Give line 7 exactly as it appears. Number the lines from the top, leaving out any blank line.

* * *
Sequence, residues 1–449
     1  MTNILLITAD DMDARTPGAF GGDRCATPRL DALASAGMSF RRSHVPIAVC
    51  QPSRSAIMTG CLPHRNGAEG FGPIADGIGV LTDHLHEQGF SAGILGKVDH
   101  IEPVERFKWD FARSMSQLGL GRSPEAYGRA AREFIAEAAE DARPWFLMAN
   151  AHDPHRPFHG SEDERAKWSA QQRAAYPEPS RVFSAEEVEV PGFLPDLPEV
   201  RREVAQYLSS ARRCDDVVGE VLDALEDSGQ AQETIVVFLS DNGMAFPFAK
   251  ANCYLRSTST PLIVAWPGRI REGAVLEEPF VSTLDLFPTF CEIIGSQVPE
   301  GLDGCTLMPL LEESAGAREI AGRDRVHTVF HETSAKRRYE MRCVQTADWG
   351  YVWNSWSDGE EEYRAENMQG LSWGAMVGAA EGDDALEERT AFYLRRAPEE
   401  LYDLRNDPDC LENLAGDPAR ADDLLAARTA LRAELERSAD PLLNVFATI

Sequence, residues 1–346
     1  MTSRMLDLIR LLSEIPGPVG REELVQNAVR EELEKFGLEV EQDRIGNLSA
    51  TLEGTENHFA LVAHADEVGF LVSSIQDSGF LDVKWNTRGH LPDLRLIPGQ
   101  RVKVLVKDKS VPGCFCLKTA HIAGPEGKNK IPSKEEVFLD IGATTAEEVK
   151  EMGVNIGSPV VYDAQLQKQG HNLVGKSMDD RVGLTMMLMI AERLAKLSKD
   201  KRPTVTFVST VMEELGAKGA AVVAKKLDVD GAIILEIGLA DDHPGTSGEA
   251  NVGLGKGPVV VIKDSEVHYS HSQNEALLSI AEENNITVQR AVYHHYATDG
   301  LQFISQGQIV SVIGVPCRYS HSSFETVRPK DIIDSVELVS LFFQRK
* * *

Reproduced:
   251  ANCYLRSTST PLIVAWPGRI REGAVLEEPF VSTLDLFPTF CEIIGSQVPE